From me to the sea: let’s put a lid on our trash cans
This is part of a series marking World Oceans Day highlighting the growing problem of pollution on the marine environment
Perhaps you thought this was going to be an ode to the ocean, dotted with analogies and hyperboles — a poetic description of the staggering strength of her storm surges; her stunning serenity at sunset or a plea to save her from the plight of plastics?
No, this is a simple story of how this dedicated beach cleaner and ocean advocate may have unwittingly contributed to marine debris.
If I am such a diligent ocean steward, then how did my trash leave me and find its way to the sea? With the waves and the wind come classic stories like ...
Trash that once was so carefully placed into a waste bin or receptacle is no match for a Bermuda windy day. With a swoosh of salty breeze, the hollow bins have the effect of a straw sucking the unsuspecting trash bags and bin liners upwards and outwards, along with any debris that it held. A gentle gust might only pull the top trash out of the bin but you do not have to be a sailor or be able to recite the Beaufort Scale to understand and recognise how quickly an island’s weather can change from a “gentle” or “fresh breeze” to “gale-force gusts” and along with that the challenges of strong, and sometimes relentless, wind.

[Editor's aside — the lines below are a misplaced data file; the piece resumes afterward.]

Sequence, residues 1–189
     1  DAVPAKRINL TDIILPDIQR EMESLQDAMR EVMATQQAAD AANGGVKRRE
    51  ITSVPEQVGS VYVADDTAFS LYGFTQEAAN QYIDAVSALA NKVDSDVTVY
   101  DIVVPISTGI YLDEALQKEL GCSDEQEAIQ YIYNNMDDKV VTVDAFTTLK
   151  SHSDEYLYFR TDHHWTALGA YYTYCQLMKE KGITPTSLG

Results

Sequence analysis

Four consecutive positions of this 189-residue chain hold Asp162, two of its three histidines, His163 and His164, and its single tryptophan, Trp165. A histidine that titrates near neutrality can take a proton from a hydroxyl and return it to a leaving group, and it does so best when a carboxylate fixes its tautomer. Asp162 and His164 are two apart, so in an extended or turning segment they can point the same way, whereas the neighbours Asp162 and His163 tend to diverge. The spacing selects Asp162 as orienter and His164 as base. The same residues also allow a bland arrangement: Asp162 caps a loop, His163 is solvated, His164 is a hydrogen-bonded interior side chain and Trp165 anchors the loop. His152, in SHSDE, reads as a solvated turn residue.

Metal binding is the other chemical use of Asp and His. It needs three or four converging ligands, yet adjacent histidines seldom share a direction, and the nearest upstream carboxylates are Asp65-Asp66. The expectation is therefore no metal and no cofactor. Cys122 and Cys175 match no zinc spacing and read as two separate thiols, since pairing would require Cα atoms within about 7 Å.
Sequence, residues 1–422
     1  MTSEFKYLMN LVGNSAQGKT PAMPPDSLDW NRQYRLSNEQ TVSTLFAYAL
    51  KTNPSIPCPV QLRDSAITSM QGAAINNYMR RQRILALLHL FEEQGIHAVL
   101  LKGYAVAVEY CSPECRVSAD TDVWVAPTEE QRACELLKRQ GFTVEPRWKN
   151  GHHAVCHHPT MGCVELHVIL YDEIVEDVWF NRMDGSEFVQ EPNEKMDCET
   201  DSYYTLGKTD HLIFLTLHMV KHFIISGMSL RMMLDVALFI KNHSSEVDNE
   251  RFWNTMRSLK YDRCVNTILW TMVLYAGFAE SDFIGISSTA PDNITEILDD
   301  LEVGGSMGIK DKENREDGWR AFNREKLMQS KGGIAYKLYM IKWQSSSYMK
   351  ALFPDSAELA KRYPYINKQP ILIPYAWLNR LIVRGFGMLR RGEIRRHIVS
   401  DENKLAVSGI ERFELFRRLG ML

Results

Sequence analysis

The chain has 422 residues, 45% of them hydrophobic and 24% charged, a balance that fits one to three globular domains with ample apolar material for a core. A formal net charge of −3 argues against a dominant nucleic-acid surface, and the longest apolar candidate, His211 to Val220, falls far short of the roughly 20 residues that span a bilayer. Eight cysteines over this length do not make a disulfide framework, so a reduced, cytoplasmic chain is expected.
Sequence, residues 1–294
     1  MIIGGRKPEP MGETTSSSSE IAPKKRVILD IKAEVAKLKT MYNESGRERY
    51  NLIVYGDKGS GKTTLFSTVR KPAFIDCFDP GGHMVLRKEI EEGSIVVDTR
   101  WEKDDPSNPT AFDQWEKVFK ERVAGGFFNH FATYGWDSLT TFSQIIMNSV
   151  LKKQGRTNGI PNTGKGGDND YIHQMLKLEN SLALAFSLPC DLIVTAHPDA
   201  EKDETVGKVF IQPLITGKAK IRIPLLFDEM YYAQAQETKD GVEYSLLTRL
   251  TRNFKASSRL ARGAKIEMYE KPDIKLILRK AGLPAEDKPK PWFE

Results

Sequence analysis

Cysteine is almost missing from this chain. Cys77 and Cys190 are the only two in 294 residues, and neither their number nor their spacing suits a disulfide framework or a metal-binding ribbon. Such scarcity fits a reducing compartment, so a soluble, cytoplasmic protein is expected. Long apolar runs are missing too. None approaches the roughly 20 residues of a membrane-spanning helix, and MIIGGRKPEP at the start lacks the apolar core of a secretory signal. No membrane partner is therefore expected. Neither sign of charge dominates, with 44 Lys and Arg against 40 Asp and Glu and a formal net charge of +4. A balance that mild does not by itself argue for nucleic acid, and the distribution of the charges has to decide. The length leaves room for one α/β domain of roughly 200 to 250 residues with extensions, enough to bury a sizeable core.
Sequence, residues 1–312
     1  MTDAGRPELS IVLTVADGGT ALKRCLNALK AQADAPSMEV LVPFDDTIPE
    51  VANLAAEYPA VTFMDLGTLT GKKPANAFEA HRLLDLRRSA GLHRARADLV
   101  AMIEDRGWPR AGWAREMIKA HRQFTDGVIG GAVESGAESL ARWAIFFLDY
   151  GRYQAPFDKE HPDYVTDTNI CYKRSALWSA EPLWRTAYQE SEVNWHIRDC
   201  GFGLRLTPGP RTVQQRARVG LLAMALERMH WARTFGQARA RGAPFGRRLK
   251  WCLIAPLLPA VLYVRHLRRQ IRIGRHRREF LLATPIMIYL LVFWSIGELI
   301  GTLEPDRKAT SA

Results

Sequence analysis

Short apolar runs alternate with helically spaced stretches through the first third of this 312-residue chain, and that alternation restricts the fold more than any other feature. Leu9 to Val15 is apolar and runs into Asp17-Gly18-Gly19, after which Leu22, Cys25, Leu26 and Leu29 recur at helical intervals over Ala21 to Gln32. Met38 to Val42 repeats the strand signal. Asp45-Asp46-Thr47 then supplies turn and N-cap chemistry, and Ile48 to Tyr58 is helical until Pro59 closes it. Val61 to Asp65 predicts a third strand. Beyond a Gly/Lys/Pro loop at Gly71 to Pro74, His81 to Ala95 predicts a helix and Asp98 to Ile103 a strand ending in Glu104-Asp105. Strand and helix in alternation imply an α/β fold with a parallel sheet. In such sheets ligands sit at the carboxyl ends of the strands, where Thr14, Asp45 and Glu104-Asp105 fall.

Open-top bins are found throughout the island along roadsides, at our parks, forts and beaches. If I see a bin is close to being full, I will usually just bring the debris home with me or find a different receptacle. However even a partially filled bin is as susceptible to losing its debris to the sea by the sheer suction force of the wind.
Many home and business owners also utilise open style outdoor bins and trash tips which can readily become overfilled with users not just “throwing caution to the wind”, but throwing their debris to the mercy of the wind.
Sometimes we spend so much time “putting Band-Aids” on our problems — such as picking up trash after the fact, or trying to tackle global challenges by waiting for the perfect large-scale solution — that we miss the small actions that we can do now to effect change.
According to the dictionary, “Put a lid on” means “to stop (something) from growing or becoming worse”. But in the case of Bermuda’s marine debris challenge, we can help stem the problem by literally putting a lid on one of the primary sources — open-air bins and trash receptacles.
There may be a cost and it takes time to make the change, but the solutions are simple. Change the receptacle to one with a lid, move it to a sheltered location far away from the water’s edge or find creative ways to cover or enclose open-air bins. Over time this will reduce the chances of properly disposed debris from becoming airborne accidentally and finding its way from me to the sea.
• Sundée Faulkner is sales and outreach manager at Dolphin Quest and a member of the Bermuda Marine Debris Taskforce, a group of environmental and research organisations that aims to promote awareness of the impact of marine debris landing on Bermuda’s beaches and affecting marine life and to propose solutions to the growing problem